Kin “[find] each other’s lives inscrutable” in this rich, sharp story about the way identity is formed.

Pub Date: June 2, 2020

ISBN: 978-0-525-53629-1

Page Count: 352

Publisher: Riverhead

Review Posted Online: March 15, 2020

Kirkus Reviews Issue: April 1, 2020

Did you like this book?

A love letter to the power of books and friendship.

Our Verdict

  • Our Verdict
  • GET IT

  • New York Times Bestseller

  • IndieBound Bestseller

THE GIVER OF STARS

Women become horseback librarians in 1930s Kentucky and face challenges from the landscape, the weather, and the men around them.

Alice thought marrying attractive American Bennett Van Cleve would be her ticket out of her stifling life in England. But when she and Bennett settle in Baileyville, Kentucky, she realizes that her life consists of nothing more than staying in their giant house all day and getting yelled at by his unpleasant father, who owns a coal mine. She’s just about to resign herself to a life of boredom when an opportunity presents itself in the form of a traveling horseback library—an initiative from Eleanor Roosevelt meant to counteract the devastating effects of the Depression by focusing on literacy and learning. Much to the dismay of her husband and father-in-law, Alice signs up and soon learns the ropes from the library’s leader, Margery. Margery doesn’t care what anyone thinks of her, rejects marriage, and would rather be on horseback than in a kitchen. And even though all this makes Margery a town pariah, Alice quickly grows to like her. Along with several other women (including one black woman, Sophia, whose employment causes controversy in a town that doesn’t believe black and white people should be allowed to use the same library), Margery and Alice supply magazines, Bible stories, and copies of books like Little Women to the largely poor residents who live in remote areas. Alice spends long days in terrible weather on horseback, but she finally feels happy in her new life in Kentucky, even as her marriage to Bennett is failing. But her powerful father-in-law doesn’t care for Alice’s job or Margery’s lifestyle, and he’ll stop at nothing to shut their library down. Basing her novel on the true story of the Pack Horse Library Project established by the Works Progress Administration in the 1930s, Moyes (Still Me, 2018, etc.) brings an often forgotten slice of history to life. She writes about Kentucky with lush descriptions of the landscape and tender respect for the townspeople, most of whom are poor, uneducated, and grateful for the chance to learn. Although Alice and Margery both have their own romances, the true power of the story is in the bonds between the women of the library. They may have different backgrounds, but their commitment to helping the people of Baileyville brings them together.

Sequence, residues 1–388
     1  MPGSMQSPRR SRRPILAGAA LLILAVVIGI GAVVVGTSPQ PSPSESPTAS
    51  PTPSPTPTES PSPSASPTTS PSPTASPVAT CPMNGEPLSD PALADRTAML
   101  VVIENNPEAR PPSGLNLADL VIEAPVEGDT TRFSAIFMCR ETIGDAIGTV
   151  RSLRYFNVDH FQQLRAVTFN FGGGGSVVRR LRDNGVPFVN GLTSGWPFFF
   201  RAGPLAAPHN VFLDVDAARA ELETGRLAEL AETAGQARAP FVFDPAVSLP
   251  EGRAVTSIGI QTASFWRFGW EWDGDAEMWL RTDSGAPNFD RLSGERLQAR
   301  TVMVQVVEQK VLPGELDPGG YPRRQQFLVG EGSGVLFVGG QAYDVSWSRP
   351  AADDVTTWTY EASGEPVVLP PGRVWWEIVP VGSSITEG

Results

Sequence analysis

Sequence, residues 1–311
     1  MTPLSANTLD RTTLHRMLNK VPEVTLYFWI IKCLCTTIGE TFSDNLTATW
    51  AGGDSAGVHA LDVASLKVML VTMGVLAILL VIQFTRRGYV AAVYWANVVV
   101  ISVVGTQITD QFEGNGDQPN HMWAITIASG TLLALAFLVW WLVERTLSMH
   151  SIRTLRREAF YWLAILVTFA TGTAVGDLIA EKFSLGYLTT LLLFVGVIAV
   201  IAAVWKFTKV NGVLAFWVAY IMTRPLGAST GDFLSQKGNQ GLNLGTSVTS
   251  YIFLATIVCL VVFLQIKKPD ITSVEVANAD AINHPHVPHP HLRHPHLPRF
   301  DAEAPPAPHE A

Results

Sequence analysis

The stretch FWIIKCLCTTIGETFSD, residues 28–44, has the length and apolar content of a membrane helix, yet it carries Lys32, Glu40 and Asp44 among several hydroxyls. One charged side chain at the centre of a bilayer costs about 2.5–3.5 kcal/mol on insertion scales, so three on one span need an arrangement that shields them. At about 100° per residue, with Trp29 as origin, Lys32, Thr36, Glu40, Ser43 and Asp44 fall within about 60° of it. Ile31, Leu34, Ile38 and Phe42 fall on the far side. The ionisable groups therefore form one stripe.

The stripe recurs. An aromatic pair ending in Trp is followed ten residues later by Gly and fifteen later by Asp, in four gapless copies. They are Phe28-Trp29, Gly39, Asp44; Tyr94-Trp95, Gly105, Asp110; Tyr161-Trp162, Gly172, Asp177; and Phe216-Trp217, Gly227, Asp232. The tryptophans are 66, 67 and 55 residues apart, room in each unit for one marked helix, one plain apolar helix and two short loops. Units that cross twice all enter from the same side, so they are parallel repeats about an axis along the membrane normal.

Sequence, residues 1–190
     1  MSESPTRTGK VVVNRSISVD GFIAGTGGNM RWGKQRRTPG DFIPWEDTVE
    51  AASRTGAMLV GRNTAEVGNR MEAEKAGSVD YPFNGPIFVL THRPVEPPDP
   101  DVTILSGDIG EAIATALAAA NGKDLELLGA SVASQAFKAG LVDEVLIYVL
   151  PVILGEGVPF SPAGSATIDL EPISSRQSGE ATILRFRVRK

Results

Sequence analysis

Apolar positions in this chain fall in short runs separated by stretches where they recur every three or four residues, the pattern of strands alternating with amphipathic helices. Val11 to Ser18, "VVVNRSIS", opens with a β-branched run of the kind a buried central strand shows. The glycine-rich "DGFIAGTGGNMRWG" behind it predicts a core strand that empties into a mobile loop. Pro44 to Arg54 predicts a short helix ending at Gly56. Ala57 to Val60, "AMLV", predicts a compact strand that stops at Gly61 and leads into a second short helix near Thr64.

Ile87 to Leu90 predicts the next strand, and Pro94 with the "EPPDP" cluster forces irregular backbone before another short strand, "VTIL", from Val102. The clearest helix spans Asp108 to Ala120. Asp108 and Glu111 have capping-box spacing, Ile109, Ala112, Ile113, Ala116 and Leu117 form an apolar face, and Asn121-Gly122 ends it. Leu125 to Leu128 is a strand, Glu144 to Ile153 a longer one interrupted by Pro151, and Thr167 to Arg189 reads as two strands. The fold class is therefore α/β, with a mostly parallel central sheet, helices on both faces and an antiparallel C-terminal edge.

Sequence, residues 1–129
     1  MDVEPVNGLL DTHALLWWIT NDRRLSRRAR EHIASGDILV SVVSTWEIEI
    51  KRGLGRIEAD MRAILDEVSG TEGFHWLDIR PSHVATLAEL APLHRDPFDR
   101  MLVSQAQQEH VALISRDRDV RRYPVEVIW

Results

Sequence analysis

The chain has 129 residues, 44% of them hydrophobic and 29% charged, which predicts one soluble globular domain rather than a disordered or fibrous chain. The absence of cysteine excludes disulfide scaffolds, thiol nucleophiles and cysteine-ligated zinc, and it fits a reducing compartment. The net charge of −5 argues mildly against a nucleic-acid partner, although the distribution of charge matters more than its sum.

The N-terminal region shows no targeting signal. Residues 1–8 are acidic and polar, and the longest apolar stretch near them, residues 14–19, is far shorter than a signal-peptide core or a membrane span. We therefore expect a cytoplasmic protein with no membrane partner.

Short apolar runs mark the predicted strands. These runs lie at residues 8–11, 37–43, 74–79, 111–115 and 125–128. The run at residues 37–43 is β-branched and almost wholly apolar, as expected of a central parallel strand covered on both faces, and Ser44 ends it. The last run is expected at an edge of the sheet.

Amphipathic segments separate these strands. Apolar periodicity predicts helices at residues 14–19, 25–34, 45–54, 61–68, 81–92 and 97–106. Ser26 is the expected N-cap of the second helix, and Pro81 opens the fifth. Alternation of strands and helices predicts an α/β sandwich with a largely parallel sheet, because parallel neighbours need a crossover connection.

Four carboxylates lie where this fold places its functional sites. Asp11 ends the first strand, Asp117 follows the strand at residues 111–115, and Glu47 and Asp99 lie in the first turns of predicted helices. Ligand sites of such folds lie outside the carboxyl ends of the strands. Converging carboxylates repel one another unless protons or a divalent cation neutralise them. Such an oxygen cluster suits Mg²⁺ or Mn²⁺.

A love letter to the power of books and friendship.

Pub Date: Oct. 8, 2019

ISBN: 978-0-399-56248-8

Page Count: 400

Publisher: Pamela Dorman/Viking

Review Posted Online: July 1, 2019

Kirkus Reviews Issue: Aug. 1, 2019

Did you like this book?

more